Both the plan for a managed fiat currency and the rhetoric subsequently used in its defense were the offspring of the Radical wing of the Republican party. The legal tender bill was taken up by Congress at the end of 1861 because gold loans floated by the Treasury had exhausted the coin supply of the banks and forced them to suspend specie payments.

The Union was confronted by the prospect of runaway bank-note inflation and the sale of bonds below par value, either of which would have raised the cost of prosecuting the war toward a prohibitive level. At this juncture, Elbridge Spaulding, a Buffalo banker and Republican congressman, proposed a solution in defiance of the national traditions of States’ rights, hard money, and bank control of currency: that the federal government should issue its own interest-free notes receivable for all public dues and legal tender for all private transactions.

The value of these notes was to be stabilized by permitting their conversion into government bonds bearing 6 per cent interest, which were payable in five years and redeemable in twenty, commonly known as 5-20s’.

This majestically simple scheme met with furious opposition from the Democrats and many bankers. Pendleton, Vallandigham, Conkling and Justin Morill stood shoulder to shoulder against the bill; but its Radical supporters, led by Thaddeus Stevens, enlisted enough Conservative (and even banker) support for the scheme as a temporary war measure for it to pass the House 93 to 59. Senate opponents were strong enough to graft on an amendment providing for payment of interest on the 5-20 bonds in coin.

This action created the problem of how to raise the promised gold. [but compromise established a dual-currency system]: gold for the importer [tariffs] and bond-holder, greenbacks for everyday domestic purposes.

As the war continued and governmental needs for borrowed funds soared, both the currency supply and the debt structure grew ever more complex. By the war’s end the country was faced with rampant inflation, constant manipulation of gold prices by speculators, a morass of different bond issues, and four major forms of currency – greenbacks, specie, national bank notes, and State bank notes. The task of unraveling the mess fell on Treasury Secretary Hugh McCulloch . . . [and] with authority granted by Congress in March 1866, [he] initiated a steady withdrawal of greenbacks from circulation, and redemption of short-term notes.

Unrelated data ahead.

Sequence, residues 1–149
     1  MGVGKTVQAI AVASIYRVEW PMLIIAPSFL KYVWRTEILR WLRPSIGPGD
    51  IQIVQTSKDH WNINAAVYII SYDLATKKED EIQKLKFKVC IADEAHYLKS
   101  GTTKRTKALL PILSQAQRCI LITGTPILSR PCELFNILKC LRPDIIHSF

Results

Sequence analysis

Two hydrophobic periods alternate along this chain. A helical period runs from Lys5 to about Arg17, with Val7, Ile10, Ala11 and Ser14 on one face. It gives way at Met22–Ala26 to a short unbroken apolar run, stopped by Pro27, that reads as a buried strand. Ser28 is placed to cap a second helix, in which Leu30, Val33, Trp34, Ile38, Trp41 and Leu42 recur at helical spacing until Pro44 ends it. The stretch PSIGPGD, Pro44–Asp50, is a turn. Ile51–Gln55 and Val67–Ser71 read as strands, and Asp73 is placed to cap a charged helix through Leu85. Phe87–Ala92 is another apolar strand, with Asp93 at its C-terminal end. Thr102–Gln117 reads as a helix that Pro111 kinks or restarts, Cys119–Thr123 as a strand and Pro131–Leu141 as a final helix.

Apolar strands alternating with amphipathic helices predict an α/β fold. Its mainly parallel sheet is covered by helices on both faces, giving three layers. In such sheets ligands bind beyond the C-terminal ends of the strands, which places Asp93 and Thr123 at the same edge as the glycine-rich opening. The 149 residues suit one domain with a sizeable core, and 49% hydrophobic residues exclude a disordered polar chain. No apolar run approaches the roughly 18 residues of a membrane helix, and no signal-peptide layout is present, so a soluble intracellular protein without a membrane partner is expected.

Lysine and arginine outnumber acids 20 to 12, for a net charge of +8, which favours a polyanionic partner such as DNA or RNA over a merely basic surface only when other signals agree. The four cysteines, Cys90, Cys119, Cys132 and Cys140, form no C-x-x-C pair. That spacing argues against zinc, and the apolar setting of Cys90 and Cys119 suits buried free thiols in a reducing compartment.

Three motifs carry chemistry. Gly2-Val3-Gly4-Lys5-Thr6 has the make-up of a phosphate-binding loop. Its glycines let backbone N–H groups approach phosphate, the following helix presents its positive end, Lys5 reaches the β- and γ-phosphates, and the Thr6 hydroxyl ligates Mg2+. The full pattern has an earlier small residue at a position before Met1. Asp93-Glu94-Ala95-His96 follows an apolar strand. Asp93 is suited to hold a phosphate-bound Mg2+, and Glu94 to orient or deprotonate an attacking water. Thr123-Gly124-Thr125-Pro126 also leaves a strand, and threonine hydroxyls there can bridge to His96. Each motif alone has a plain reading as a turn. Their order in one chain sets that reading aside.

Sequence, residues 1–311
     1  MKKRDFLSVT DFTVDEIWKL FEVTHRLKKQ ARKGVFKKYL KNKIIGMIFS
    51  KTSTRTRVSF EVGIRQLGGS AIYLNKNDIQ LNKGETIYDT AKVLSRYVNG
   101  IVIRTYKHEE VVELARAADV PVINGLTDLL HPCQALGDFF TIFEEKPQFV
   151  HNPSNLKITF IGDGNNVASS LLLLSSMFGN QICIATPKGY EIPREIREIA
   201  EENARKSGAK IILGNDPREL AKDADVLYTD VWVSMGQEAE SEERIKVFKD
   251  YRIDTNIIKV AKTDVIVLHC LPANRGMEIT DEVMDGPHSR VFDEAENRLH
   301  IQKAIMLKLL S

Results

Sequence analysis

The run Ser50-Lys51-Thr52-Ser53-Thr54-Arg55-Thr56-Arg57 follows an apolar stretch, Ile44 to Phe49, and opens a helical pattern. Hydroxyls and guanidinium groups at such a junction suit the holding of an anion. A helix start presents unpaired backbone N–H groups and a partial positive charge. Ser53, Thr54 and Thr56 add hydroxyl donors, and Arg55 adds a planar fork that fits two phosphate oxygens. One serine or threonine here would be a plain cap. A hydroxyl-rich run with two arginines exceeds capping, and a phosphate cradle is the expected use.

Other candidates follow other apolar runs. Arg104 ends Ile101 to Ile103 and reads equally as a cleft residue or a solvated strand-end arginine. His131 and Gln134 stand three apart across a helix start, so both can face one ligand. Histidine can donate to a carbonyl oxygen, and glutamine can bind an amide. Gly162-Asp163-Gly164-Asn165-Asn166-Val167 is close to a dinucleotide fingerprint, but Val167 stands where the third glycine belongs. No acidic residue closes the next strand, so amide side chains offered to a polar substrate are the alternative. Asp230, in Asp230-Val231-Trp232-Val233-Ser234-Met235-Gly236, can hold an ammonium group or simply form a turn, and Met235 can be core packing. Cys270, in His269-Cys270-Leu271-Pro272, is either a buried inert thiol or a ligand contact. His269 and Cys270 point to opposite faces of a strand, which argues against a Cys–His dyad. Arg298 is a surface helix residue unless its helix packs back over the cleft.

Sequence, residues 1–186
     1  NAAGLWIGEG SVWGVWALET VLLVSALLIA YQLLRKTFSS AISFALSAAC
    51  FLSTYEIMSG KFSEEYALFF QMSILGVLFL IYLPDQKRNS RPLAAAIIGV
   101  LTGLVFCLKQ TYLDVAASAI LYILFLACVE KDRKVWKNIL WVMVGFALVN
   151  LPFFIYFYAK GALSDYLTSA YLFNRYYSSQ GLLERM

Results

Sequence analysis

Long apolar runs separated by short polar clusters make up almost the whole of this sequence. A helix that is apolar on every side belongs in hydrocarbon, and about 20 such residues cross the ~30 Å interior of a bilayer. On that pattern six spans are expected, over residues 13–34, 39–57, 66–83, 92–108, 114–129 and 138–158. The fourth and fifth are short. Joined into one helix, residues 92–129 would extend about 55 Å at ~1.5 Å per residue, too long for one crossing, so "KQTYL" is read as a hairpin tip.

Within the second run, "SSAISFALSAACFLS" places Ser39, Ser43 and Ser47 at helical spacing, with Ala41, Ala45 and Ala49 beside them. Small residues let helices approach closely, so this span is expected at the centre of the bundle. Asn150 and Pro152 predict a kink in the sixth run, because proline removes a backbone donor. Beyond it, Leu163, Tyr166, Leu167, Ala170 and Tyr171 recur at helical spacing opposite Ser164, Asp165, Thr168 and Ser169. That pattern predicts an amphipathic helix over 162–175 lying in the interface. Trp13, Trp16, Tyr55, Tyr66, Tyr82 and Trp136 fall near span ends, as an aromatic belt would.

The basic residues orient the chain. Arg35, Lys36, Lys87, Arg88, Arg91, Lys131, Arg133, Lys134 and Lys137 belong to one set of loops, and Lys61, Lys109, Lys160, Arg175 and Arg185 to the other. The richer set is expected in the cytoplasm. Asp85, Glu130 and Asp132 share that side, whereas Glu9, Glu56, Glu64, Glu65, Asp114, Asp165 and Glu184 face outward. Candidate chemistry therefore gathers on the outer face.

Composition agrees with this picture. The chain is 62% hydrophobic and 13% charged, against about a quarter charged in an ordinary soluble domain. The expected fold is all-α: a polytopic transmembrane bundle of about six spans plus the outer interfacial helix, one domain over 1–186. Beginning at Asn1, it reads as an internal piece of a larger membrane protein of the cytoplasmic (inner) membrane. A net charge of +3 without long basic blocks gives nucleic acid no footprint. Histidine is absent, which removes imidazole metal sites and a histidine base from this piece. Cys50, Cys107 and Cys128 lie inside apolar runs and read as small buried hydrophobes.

[A] bill introduced by Robert Schenck to force a halt to the Treasury’s contraction policy enlisted the support not only of Stevens, Butler and Logan, but also Senator Sherman and Jay Cooke, and of numerous Democrats. The measure swept the House by a vote of 127 to 14, and in the Senate only four Conservative Republicans voted against it. The Conservative economic program had been thoroughly defeated.

Hard money advocates characterized their own position as scientifically sound and moral, and that of their [fiat money] foes as demagogic and dishonest. Speaking for Spaulding’s bill in 1862, Henry Wilson had described the debate as “a contest between brokers and jobbers, and moneychangers on the one side, and the people of the United States on the other.”

Not to be outdone, John Bingham charged the bill’s foes with misconstruing the Constitution for “the purpose of denationalizing the people . . . [and stripping] the power of the people over their monetary interests in this hour of national exigency.”

Here was the Radical ideology in its purest form, printed, as it were, on bills of “Lincoln green.” Understandably, Henry Carey attributed both the economic vigor and the patriotic spirit of the nation to protection and greenbacks . . . Thaddeus Stevens [had] judged the whole national banking system as a “mistake,” [and] declared: “Every dollar of paper [money] in circulation ought to be issued by the Government of the United States.” [Republican editor Benjamin Bannon of Pennsylvania] devised a scheme for the circulation of greenbacks as the exclusive currency of the nation, with national banks serving as distribution centers only.

From the tariff of 1846 until the Republican legislative triumphs of 1862, Bannan argued, nonproductive capital had ruled the land, and now it was again “striving to gain the ascendancy.”

(Beyond Equality, Labor and the Radical Republicans, 1862-1872, David Montgomery, University of Illinois Press, 1981, pp. 340-345)